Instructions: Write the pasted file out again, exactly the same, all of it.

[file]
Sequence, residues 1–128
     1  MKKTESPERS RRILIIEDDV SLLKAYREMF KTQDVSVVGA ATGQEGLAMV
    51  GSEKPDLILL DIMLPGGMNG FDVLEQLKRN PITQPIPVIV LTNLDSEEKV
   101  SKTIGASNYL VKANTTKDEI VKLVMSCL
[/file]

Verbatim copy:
Sequence, residues 1–128
     1  MKKTESPERS RRILIIEDDV SLLKAYREMF KTQDVSVVGA ATGQEGLAMV
    51  GSEKPDLILL DIMLPGGMNG FDVLEQLKRN PITQPIPVIV LTNLDSEEKV
   101  SKTIGASNYL VKANTTKDEI VKLVMSCL